Early Doors, which ran from 2003-2004 for 2 series (and UK-length series at that, meaning only 12 episodes in total), I thought was an obscure gem remembered by few, albeit warmly by those who did; in any discussion of favourite sitcoms over the years since I would always bring it up, but I'd never encountered anyone who'd seen it before my recommendation – though those who'd take it up would report back favourably.
It was some surprise then to be working at a trade show at Birmingham's NEC in May and see an ad for Early Doors Live coming in September, one of those happenstances that briefly makes you wonder if you've taken a quantum leap into a world geared towards you personally (though there are few other indications that this has ever been the case), or are actually still asleep.
This brief sense of the surreal was writ large then last Friday, when walking around the Arena Birmingham and seeing a stall selling t-shirts and mugs with phrases from the show such as 'Crime Can't Crack Itself' and 'Do You Like Circuses?', sayings never elevated to the level of catchphrases in the television programme (it wasn't that sort of comedy), and which would need multiple viewings to stand out. It was very clear from the start though that the audience weren't just there for any old night of comedy; the stage show is laden with callbacks to the sitcom, many of which are things that happened just once in the programme, but all of which were met with loud approval by the 15,000-strong crowd, who knew far more than just the response to 'To the regiment!'; apparently Early Doors is no longer as niche as I thought.
Early Doors the TV sitcom was the brainchild of Craig Cash and Phil Mealey, originally conceived of as revolving around an entire community but eventually pared down to being set entirely within a pub in Stockport. Cash had just come off the success of the well-loved The Royle Family, and Early Doors was in many respects a clear spiritual successor to that much bigger hit; The Royle Family would famously have scenes for several minutes of the family just watching the television sometimes even in silence, the comedy being derived just from their reactions as the camera panned around. There was nothing quite to that extent in Early Doors, but there was the same tendency to allow a scene to breathe and, like The Royle Family, it was often light on plot, deriving its comic moments from its small interactions rather than overarching stories.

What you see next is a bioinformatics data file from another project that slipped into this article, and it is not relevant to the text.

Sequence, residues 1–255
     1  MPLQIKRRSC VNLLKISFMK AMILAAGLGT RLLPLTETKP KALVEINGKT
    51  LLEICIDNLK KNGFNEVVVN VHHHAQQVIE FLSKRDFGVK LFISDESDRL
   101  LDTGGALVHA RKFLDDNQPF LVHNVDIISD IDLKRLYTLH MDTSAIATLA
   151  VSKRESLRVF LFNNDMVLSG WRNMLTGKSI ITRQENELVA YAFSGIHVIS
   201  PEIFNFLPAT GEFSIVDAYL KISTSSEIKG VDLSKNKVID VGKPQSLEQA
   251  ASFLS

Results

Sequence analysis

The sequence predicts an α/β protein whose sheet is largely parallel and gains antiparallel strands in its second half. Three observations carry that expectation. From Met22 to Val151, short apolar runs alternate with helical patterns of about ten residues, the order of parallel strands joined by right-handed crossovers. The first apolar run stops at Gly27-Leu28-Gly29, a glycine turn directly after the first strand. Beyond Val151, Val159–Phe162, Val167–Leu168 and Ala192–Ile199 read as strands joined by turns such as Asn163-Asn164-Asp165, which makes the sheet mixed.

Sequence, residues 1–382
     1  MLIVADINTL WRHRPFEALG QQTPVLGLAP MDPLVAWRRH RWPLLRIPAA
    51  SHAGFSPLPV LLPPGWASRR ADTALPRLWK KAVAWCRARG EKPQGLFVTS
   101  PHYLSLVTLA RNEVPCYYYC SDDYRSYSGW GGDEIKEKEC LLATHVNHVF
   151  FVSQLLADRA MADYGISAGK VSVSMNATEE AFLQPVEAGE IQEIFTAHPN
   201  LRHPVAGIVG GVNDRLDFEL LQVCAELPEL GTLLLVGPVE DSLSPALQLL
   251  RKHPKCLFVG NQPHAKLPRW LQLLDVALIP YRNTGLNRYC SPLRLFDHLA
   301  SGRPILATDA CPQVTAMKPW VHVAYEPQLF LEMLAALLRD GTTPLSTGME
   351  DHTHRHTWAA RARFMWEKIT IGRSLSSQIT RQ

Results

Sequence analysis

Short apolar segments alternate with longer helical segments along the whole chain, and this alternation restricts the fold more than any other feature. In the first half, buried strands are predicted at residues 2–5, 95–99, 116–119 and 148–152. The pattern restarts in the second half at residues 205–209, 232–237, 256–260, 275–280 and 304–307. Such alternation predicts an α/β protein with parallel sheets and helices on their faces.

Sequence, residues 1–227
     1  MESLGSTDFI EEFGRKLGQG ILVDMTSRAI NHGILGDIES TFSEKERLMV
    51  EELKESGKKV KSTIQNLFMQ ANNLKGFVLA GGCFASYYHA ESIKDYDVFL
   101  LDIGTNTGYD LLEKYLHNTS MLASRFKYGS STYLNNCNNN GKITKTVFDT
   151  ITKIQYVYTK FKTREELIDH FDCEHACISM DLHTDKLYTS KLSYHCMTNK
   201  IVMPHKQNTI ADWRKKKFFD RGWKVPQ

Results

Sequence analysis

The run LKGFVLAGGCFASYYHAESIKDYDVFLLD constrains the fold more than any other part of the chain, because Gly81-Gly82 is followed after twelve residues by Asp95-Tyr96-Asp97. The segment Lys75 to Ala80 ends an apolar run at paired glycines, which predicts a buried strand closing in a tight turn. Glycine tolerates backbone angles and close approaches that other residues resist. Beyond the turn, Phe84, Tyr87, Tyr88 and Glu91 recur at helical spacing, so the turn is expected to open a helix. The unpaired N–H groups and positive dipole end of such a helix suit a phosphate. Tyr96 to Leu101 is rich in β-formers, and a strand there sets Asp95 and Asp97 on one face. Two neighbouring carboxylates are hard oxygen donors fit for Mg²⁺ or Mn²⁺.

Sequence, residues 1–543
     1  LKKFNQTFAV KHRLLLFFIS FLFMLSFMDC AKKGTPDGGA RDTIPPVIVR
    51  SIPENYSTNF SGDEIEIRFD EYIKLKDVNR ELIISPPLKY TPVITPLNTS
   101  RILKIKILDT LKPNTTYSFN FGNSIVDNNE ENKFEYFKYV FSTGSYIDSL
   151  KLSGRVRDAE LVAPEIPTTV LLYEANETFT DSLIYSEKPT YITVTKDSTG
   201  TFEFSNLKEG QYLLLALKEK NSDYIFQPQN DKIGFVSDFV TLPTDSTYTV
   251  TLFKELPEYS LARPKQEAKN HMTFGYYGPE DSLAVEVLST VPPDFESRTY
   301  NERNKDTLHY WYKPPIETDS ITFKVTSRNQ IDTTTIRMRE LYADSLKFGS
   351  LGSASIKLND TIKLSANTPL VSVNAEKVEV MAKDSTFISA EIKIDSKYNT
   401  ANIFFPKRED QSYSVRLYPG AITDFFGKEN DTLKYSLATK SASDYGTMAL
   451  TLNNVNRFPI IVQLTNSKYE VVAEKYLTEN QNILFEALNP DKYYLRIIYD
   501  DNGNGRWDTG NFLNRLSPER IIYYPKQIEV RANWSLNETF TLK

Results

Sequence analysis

While never achieving its mainstream acclaim, Early Doors was a better show than The Royle Family. Its characters were more rounded and believable compared to the caricatures in its forerunner (indeed, they possessed a level of stupidity dialled up to breaking point when The Royle Family returned for a series of Christmas specials from 2006 onwards, much to the programme's detriment), and the high quality maintained through Early Doors' television run was no doubt helped by its short span. It had a real emotional core far beyond The Royle Family too, and so its moving conclusion, despite ending a mere 12 episodes, was completely earned. Early Doors left us wanting more, but as such it never went downhill, and often appeared through the years in the late night schedules of the classic comedy channels (UK Gold and the like) where it seems to have built up enough of a following to make this return feasible.